If we add to this the cultural value of such a building, which saw the birth of the eclectic intellectual Nino Frank – writer, journalist, radio presenter, film critic and above all, internationally acclaimed translator, born in Barletta in 1904, died in Paris in 1988 – it seems clear that there is more than one good reason to consider that the demolition of such an important Barlettan palazzo would be a grave error, and would cause serious harm to the image of the whole city. 11 | original text

But in spite of the temporary ‘Halt!’, they remained sufficiently concerned to plan a protest on 10 June with a human chain:

We will form a human chain to protest against the demolition of an architectural jewel of the 1800s….On behalf of beauty, elegance, sobriety, architectural and urban design harmony, which has characterised our country in the past and which must be preserved and jealously guarded. And, why not, handed down. 12 | original text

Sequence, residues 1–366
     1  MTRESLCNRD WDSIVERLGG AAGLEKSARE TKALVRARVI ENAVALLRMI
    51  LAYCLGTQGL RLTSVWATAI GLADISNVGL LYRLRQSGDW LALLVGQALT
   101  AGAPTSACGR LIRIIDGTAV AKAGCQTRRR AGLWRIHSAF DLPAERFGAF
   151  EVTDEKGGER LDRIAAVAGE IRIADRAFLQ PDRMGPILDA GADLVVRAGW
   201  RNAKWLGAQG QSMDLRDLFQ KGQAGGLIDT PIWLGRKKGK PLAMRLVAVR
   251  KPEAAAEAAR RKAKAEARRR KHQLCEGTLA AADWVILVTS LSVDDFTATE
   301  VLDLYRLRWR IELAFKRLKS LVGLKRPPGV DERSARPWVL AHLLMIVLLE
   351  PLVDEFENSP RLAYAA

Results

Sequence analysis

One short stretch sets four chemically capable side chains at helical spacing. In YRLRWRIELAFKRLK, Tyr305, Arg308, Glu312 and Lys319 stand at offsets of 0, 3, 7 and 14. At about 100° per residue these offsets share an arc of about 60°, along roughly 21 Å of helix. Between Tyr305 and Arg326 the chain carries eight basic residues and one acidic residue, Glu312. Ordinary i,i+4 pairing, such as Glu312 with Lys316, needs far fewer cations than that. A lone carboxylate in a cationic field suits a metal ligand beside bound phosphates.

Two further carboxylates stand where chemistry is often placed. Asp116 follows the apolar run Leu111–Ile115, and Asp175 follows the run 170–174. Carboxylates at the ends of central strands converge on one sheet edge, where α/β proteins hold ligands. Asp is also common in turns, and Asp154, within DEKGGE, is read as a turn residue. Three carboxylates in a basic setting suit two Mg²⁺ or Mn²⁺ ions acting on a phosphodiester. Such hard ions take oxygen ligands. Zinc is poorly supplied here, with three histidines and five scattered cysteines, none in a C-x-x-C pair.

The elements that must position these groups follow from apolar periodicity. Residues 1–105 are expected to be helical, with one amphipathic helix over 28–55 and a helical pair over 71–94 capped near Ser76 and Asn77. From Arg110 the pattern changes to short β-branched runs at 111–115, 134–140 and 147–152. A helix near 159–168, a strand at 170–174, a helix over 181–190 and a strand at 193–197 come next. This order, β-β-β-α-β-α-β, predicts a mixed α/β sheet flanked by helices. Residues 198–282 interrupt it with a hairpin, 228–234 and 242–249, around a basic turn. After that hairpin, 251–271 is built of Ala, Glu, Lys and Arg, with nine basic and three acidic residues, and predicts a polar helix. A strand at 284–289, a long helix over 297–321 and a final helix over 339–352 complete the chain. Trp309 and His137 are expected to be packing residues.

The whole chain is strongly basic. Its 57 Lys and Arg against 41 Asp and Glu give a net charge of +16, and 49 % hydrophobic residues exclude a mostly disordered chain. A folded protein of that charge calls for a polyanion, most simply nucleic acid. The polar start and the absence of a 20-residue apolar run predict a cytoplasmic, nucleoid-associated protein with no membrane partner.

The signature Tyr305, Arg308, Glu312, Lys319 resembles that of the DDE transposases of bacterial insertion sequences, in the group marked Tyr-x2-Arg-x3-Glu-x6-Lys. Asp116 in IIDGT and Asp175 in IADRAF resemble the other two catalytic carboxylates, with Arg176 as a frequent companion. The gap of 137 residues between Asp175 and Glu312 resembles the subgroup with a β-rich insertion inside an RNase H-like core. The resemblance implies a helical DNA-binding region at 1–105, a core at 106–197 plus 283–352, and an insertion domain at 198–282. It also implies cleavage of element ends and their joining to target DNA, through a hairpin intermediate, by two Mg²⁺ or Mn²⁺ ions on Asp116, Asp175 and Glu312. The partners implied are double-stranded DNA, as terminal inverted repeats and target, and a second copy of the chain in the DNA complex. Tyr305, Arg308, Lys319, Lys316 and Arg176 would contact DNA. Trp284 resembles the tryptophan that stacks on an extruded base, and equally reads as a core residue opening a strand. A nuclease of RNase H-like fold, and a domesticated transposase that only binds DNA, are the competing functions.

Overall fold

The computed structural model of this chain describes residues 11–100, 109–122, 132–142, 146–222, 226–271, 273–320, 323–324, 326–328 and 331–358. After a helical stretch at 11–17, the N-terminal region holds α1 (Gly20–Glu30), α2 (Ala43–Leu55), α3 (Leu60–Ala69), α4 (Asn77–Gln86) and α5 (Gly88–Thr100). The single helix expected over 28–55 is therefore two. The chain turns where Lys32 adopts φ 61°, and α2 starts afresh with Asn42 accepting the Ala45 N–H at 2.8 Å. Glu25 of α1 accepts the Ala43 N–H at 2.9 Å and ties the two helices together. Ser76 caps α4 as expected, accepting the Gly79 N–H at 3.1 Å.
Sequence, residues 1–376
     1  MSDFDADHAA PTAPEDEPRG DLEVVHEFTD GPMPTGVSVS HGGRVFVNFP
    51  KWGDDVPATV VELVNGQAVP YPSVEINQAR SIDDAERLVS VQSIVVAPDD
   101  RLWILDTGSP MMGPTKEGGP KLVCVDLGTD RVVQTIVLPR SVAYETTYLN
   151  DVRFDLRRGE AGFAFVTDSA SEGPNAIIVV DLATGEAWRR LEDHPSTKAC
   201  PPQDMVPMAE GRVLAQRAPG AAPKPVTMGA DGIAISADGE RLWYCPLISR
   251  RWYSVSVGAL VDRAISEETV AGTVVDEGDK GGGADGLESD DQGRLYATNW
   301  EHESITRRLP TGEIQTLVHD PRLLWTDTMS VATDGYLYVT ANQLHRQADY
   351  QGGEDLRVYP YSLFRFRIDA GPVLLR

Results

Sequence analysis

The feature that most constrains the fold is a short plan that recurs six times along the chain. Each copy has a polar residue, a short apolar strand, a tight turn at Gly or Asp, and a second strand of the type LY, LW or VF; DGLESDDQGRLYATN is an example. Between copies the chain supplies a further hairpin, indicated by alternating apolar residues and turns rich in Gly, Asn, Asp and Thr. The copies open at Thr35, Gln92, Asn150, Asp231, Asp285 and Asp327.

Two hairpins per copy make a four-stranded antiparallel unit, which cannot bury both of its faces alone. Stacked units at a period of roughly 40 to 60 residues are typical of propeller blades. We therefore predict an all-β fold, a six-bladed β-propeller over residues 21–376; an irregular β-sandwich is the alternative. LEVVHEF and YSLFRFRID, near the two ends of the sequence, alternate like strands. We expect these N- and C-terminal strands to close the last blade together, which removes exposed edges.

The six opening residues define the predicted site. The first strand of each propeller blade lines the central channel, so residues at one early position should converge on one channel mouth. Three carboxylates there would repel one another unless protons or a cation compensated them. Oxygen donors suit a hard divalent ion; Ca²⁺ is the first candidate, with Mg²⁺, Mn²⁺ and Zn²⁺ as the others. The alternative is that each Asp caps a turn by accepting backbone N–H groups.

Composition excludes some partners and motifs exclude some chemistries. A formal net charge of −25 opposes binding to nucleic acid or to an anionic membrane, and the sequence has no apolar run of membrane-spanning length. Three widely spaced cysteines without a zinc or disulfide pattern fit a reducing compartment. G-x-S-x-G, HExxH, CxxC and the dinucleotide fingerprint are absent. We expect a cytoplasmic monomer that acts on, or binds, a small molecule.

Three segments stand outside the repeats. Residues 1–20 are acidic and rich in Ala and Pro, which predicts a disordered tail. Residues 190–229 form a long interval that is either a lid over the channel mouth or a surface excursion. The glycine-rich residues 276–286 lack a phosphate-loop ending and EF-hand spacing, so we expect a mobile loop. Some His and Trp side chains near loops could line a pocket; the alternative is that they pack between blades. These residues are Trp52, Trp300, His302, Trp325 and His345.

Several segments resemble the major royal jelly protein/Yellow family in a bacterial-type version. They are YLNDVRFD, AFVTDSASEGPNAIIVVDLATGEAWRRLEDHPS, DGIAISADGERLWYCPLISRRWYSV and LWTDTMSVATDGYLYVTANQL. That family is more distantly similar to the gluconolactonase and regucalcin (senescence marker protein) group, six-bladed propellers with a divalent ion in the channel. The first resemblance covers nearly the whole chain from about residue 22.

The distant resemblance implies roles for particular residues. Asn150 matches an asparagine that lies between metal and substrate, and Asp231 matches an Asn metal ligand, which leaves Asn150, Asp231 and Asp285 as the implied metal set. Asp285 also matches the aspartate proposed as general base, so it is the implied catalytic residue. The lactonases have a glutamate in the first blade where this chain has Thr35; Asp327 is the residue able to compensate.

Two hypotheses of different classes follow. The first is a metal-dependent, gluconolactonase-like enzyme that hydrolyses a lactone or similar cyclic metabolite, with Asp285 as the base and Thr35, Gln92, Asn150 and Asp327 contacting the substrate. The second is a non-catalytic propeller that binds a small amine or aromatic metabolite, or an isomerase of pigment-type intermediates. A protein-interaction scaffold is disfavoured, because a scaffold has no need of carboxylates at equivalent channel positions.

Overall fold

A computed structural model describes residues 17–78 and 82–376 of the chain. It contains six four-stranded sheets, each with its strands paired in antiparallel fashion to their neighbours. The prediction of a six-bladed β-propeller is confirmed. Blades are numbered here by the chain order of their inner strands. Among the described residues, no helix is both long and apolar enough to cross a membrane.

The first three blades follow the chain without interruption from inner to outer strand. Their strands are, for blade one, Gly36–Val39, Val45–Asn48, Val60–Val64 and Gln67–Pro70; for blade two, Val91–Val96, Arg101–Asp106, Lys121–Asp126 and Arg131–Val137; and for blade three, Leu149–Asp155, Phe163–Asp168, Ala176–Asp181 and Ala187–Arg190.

The Ministry had declared a suspension period of four months, while the matter was considered in depth, and a heated argument continued over the summer. On the one side were those who wanted to preserve the building; and on the other the co-owners, who wished to continue with their demolition plans, supported by the voices of those who felt the town should look forward rather than back.

The co-owners presented their argument on 29 August, but on 4 October the regional administration for Foggia and Barletta, Andria and Trani (BAT) was adamant that Palazzo Tresca was:

 one of the rare testimonies to the evolution in the urban planning of the city of Barletta in that historical period [late 1800s], mostly lost or damaged from the second half of the twentieth century on. 13 | original text